Besides military matters, Dumont’s letters reveal mixed feelings about pride and sense of duty in serving country versus intense fear and loneliness. Homesickness, worries about money, concerns about the health and wellbeing of his family were also mentioned frequently along with concerns about his own health and imminent possibility of death.
Altogether, there are approximately 120 letters of which most were written in ink and a few written in pencil. Several were written on illustrated stationary and a few feature pen and ink sketches by Dumont himself that depict scenes of camp, battles, and Libby Prison. Occasionally the letters included short poems and romantic prose that were written by Dumont. He did not master spelling, but in general Dumont’s letters are quite legible and well written.
The papers also include three letters sent to Clarinda Dumont in 1865 regarding the circumstances of her husband’s death, including a letter from the Office of Correspondence with the Friends of the Missing Men of the United States Army that was signed by Clara Barton.
Other materials include photographic portraits of Peter L. Dumont, Clarinda, and daughter Ida, taken about 1860; a Holy Bible that is significant for the annotations and sketches found on pastedowns and free endpapers. The sketches, drawn by Peter Dumont, depict the exterior of the Libby Prison building, and soldiers lounging inside a prison cell.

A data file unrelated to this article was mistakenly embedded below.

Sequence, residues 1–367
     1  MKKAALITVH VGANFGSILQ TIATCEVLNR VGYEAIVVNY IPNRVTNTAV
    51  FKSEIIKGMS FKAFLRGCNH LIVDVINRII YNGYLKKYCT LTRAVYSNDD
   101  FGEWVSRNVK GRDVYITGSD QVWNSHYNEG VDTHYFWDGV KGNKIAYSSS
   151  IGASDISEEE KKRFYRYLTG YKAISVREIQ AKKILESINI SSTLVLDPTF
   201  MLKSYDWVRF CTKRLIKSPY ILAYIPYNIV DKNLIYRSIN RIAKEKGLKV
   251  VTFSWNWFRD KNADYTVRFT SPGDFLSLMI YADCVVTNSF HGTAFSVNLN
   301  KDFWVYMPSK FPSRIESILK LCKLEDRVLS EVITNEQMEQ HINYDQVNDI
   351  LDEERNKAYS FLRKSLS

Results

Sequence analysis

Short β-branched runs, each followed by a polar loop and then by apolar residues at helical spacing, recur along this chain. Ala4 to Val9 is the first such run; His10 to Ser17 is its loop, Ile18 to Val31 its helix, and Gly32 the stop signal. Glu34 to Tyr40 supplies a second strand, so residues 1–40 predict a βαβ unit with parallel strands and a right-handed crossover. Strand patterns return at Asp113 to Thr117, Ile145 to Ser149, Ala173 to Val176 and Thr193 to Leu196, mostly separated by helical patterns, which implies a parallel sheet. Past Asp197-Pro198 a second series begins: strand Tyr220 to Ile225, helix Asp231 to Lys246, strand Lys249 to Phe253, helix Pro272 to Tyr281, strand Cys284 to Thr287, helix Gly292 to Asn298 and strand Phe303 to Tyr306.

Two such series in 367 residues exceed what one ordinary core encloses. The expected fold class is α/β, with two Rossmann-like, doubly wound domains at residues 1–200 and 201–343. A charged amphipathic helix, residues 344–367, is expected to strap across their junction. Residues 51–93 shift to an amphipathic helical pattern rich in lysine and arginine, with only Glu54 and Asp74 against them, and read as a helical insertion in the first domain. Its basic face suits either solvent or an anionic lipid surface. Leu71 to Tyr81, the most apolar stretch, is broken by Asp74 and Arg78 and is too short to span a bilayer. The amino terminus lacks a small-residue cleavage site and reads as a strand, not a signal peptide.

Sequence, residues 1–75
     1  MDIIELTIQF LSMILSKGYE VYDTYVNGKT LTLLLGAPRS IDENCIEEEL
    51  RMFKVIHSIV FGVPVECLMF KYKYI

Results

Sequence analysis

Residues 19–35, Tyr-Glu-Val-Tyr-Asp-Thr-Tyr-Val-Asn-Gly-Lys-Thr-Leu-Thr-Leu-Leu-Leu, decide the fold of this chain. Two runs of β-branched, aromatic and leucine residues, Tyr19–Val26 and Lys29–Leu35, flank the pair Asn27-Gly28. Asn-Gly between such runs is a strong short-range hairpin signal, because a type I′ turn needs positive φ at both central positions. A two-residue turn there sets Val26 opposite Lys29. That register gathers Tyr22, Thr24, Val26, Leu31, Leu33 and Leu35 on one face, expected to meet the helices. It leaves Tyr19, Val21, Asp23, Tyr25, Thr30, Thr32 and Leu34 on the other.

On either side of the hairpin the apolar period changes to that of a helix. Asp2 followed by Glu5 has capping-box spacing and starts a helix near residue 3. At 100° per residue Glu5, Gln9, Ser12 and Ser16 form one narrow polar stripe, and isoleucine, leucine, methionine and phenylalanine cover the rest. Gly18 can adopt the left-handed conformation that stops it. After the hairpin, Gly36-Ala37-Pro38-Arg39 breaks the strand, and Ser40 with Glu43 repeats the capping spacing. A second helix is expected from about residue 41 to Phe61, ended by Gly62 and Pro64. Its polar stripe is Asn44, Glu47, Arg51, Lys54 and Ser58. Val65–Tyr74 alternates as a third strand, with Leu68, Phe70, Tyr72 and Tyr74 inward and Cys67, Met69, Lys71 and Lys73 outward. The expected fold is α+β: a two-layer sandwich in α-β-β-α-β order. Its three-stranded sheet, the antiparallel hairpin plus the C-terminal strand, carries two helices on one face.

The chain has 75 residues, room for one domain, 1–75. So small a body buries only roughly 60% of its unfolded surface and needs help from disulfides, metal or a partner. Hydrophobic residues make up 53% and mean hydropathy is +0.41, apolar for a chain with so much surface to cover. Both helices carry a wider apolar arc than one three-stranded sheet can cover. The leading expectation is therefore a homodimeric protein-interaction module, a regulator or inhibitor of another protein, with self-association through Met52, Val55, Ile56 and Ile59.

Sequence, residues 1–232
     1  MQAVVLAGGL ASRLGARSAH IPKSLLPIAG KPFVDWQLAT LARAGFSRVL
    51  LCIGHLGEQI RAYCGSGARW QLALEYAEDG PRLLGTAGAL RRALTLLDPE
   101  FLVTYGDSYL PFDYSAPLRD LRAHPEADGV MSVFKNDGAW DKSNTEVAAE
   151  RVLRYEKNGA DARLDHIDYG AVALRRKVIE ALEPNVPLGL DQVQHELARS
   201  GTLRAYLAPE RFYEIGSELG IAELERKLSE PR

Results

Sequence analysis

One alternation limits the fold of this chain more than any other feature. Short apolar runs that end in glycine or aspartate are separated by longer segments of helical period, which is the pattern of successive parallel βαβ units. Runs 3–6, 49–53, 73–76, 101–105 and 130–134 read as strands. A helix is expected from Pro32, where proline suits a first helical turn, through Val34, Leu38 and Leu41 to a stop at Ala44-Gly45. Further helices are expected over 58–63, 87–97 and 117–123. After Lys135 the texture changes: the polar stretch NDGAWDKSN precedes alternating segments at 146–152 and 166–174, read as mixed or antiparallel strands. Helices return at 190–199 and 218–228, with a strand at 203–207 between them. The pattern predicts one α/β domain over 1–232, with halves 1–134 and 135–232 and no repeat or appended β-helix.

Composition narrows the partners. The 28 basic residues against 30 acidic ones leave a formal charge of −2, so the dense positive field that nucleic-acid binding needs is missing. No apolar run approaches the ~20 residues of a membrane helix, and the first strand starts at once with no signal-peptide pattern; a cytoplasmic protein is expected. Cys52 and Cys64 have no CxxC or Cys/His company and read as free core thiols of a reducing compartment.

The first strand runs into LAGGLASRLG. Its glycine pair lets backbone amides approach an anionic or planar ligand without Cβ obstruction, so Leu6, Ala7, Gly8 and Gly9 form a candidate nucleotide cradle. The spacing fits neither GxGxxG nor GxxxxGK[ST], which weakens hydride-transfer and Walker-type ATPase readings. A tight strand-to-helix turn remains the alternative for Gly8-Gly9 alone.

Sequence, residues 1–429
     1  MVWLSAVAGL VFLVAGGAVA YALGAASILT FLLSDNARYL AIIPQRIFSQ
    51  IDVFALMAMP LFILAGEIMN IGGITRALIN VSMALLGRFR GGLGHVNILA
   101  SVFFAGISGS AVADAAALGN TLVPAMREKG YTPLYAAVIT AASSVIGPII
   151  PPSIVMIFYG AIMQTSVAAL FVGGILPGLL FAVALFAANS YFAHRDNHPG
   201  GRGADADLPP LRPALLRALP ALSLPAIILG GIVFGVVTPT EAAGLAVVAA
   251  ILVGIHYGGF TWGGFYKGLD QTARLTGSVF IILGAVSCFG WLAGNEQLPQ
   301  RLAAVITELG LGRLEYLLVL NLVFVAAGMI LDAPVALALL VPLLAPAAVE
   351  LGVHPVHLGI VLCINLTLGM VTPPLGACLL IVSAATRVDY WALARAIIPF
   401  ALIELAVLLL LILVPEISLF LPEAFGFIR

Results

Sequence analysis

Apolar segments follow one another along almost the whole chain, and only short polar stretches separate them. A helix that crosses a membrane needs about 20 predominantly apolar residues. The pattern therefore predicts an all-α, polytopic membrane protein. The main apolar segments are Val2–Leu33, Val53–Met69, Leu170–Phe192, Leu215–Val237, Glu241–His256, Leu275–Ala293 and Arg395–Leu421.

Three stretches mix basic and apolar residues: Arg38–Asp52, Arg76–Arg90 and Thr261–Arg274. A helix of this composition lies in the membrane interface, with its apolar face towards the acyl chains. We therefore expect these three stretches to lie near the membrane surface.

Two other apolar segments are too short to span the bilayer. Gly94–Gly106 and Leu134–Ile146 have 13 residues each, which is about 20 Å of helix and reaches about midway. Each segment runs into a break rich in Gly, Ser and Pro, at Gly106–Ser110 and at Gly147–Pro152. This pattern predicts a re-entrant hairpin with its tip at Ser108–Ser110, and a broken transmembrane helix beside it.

Before the papers of Peter L. Dumont were donated to this repository in November 2014, they were passed down through five successive generations of descendants beginning with Ida Elizabeth Dumont Cummins, the daughter of Peter L. and Clarinda Dumont.
At the time of the donation, there were six pieces that were described as fragments or undated letters. Upon further review by the curator and the donor of the letters, five of these pieces were paired with other letters that were found to be incomplete. These pairings are noted in the inventory list. Otherwise, the letters have been kept in the same order as received from the donor.
The donation also included an oil painting on canvas depicting two Union Army Officers on horseback leading troops through mountain terrain. Although the work is unsigned, it has been attributed to Peter L. Dumont. This item is housed in the New York State Museum
Transcriptions and digital scans of the letters are available online courtesy of Diana and Brian McCarthy, the donors of the letters and ancillary artifacts. Biographical, genealogical, and related historical information on the life and career of Peter L. Dumont is also available on their website: